RAY SUAREZ: Were there variations in different regions of the country or different types of cancers, where you saw real differences in how well people report that they’re being treated?
DR. EZEKIEL EMANUEL: Absolutely. This wasn’t just how people report they’re being treated but we also actually looked at the medical record and how things were going in the patient’s record of the treatment. And what you see actually is on certain things doctors do very, very well. For example, on assessing lymph nodes in the case of breast cancer or getting patients on to Tamoxifin, one of the hormonal treatments for breast cancer.
On other things we do less well: asking patient about preferences, where there’s a choice to be made between mastectomy and breast conserving therapy or in surveillance afterwards. We’re very good about ordering the mammogram, less good about telling patients with colorectal cancer that their family members really need to be screened for colorectal cancer.
So we did find variations in the different quality measures. And a lot of the quality measures about giving treatment were very good. The ones about eliciting patient preferences and telling them about follow-up were less than optimal.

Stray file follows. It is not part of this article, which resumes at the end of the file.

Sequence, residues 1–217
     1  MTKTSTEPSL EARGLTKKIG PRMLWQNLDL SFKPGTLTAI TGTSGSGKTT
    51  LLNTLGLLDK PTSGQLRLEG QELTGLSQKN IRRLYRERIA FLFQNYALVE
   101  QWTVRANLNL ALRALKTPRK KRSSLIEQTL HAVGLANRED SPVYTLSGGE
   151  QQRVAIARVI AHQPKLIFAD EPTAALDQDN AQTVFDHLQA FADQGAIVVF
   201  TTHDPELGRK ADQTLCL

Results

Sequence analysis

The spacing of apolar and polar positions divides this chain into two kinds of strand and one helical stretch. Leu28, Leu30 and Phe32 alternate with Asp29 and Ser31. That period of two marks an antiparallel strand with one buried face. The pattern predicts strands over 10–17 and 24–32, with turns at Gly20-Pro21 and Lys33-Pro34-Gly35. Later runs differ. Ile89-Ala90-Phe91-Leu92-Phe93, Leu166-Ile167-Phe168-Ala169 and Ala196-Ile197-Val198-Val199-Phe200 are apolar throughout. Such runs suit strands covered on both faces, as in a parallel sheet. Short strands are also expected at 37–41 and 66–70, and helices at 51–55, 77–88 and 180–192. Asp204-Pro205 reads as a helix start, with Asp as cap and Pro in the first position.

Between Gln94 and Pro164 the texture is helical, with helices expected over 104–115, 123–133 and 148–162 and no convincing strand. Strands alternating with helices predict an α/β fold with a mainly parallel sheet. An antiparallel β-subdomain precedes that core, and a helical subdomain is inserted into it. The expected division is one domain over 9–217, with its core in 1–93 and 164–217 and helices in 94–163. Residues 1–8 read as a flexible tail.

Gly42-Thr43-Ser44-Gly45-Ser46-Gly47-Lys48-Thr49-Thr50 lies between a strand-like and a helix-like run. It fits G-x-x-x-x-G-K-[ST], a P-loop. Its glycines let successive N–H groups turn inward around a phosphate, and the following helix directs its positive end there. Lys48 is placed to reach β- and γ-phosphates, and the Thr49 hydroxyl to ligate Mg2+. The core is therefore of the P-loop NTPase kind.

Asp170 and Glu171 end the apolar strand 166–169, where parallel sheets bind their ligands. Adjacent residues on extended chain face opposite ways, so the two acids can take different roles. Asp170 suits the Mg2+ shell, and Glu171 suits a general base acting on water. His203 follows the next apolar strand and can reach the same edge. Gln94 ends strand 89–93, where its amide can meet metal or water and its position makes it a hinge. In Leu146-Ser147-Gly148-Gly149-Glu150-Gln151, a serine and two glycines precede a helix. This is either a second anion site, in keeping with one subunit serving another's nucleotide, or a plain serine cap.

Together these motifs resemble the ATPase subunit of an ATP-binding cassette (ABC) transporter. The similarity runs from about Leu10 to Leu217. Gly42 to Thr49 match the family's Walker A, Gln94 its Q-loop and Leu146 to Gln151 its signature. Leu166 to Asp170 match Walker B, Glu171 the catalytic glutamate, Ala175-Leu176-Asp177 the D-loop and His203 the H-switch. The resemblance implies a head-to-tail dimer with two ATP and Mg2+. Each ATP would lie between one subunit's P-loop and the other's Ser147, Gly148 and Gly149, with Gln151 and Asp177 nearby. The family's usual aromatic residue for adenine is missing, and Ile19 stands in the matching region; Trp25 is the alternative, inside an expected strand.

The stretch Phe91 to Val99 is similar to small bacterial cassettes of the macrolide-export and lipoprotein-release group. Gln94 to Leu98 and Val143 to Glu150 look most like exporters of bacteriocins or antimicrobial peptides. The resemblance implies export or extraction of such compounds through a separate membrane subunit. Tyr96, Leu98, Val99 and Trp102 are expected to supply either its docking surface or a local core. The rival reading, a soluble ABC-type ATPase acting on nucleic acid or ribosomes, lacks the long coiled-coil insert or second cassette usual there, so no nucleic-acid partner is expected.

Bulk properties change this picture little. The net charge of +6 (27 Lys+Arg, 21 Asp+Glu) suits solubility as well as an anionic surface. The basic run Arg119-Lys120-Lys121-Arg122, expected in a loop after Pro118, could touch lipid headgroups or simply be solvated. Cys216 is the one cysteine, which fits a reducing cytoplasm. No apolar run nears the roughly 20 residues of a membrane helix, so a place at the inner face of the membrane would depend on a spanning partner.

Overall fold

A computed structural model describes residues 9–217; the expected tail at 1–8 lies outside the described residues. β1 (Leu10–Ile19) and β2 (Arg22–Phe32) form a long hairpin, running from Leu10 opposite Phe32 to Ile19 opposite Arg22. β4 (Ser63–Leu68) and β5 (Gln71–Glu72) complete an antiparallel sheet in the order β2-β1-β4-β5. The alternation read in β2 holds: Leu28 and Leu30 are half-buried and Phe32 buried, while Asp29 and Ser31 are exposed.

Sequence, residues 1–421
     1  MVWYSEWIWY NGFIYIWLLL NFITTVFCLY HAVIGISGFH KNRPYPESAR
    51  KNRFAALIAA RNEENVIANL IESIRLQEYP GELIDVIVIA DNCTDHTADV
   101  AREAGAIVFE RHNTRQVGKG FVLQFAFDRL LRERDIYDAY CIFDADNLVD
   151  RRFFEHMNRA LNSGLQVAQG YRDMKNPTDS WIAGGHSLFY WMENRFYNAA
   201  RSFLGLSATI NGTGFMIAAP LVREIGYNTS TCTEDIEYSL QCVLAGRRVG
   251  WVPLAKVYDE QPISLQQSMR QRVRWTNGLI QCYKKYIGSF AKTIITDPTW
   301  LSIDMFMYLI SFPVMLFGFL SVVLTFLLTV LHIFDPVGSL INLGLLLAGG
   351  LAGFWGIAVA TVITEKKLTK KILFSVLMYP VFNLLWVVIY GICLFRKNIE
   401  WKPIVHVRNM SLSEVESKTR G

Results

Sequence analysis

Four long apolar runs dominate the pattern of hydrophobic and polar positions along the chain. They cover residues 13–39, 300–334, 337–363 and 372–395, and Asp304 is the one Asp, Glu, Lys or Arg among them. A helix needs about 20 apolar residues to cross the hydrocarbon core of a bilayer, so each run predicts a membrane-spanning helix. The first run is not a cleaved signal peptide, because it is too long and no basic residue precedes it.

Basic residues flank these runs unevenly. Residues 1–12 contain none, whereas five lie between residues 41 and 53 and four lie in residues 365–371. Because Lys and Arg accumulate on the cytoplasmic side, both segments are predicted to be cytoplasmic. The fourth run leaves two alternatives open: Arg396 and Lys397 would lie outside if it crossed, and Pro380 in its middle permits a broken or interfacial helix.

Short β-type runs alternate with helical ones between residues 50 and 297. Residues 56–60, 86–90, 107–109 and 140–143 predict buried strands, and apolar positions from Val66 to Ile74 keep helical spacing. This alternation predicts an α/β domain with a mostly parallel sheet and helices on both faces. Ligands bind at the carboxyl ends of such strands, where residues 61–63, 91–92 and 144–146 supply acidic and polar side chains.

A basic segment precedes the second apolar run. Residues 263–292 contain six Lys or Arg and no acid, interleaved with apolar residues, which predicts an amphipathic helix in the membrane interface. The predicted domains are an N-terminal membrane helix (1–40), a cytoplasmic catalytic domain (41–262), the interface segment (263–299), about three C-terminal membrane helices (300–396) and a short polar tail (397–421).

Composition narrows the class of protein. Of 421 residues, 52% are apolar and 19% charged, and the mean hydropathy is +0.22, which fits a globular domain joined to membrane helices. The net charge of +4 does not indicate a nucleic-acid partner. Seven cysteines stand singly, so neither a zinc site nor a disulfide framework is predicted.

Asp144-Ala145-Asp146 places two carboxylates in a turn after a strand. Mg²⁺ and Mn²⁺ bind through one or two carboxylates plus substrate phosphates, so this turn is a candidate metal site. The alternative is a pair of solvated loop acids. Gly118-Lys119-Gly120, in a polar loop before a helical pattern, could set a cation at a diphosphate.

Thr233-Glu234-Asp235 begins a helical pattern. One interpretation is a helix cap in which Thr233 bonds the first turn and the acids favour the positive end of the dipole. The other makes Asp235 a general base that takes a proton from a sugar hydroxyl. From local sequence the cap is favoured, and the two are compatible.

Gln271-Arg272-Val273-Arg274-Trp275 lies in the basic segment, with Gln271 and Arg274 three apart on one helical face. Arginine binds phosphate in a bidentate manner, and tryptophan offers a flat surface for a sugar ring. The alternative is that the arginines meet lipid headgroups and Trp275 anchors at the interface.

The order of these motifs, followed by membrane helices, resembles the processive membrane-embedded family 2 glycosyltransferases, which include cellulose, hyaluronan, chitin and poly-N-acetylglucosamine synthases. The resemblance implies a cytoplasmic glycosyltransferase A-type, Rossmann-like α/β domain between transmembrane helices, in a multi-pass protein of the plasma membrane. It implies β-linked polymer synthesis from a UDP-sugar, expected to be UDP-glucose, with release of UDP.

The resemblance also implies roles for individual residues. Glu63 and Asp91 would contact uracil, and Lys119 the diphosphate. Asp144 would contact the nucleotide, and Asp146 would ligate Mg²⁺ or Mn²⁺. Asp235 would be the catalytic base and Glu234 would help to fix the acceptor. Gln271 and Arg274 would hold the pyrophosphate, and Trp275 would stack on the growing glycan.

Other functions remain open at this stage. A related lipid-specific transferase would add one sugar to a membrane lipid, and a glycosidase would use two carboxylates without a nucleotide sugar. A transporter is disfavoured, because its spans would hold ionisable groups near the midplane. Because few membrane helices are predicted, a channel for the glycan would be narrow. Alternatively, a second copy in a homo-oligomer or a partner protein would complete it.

RAY SUAREZ: So we get piles of reports out of a conference like this, a lot of great research being done. How does research turn into practice? Does anything that you learn in your study change the way you practice oncology? Will Dr. Johnson and you and other oncologists start to give people aspirin when there’s an opportunity to give them aspirin after colon cancer treatment or prescribe low-fat diets? How do we get from a paper report to what happens in a doctor’s office?
DR. EZEKIEL EMANUEL: That’s a fascinating question. In some cases it will I think be very effective. I think probably this aspirin case you’re going to see a lot of action. It’s relatively easy to do. It’s a recommendation and there are multiple reasons not just colorectal cancer for people to take aspirin preventing and reducing heart disease.
In other cases it’s very haphazard. And we aren’t perfect at translating for everyone in the country results, path-breaking news into better services. And one of the things that the American Society of Clinical Oncology is concerned about is really measuring the quality of care on a consistent, regular basis.
One of the rationales for starting this study five years ago was really could we set up a quality monitoring system and how complicated would it be to actually regularly monitor all the patients getting cancer care? That’s an enormous task. And actually one of the measures of this study was the fact that that really is a very complicated and costly process, which we as a country aren’t doing regularly now, and I think we really have to if we want to bring the quality up for everyone in the country.
Let me just give you an example. On average, every patient who gets treated for cancer has about four doctors that they have to go to. That’s a complicated process involving a lot of coordination of care. And we know that the ball can be dropped in a lot of different places. And we need to do better about assessing across all the doctors, making sure they have all the relevant information to do optimal treatment.
RAY SUAREZ: Dr. Emanuel, Dr. Johnson, gentlemen, thank you both.
DR. EZEKIEL EMANUEL: Thank you.
DR. DAVID JOHNSON: Thank you.